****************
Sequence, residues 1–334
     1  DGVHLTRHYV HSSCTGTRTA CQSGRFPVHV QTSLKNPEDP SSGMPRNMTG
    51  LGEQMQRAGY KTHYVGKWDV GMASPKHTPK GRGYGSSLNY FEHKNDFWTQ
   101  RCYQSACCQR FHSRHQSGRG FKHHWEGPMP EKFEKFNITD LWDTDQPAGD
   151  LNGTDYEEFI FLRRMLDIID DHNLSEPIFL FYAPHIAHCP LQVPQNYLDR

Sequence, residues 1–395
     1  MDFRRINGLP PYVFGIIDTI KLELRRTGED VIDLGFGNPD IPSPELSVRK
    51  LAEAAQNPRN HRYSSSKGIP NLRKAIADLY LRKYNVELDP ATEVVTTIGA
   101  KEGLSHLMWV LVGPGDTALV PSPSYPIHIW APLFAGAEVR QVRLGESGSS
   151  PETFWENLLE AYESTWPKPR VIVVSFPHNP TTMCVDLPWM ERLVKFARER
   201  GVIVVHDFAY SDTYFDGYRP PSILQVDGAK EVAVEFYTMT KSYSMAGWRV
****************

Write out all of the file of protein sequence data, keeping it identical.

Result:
Sequence, residues 1–334
     1  DGVHLTRHYV HSSCTGTRTA CQSGRFPVHV QTSLKNPEDP SSGMPRNMTG
    51  LGEQMQRAGY KTHYVGKWDV GMASPKHTPK GRGYGSSLNY FEHKNDFWTQ
   101  RCYQSACCQR FHSRHQSGRG FKHHWEGPMP EKFEKFNITD LWDTDQPAGD
   151  LNGTDYEEFI FLRRMLDIID DHNLSEPIFL FYAPHIAHCP LQVPQNYLDR

Sequence, residues 1–395
     1  MDFRRINGLP PYVFGIIDTI KLELRRTGED VIDLGFGNPD IPSPELSVRK
    51  LAEAAQNPRN HRYSSSKGIP NLRKAIADLY LRKYNVELDP ATEVVTTIGA
   101  KEGLSHLMWV LVGPGDTALV PSPSYPIHIW APLFAGAEVR QVRLGESGSS
   151  PETFWENLLE AYESTWPKPR VIVVSFPHNP TTMCVDLPWM ERLVKFARER
   201  GVIVVHDFAY SDTYFDGYRP PSILQVDGAK EVAVEFYTMT KSYSMAGWRV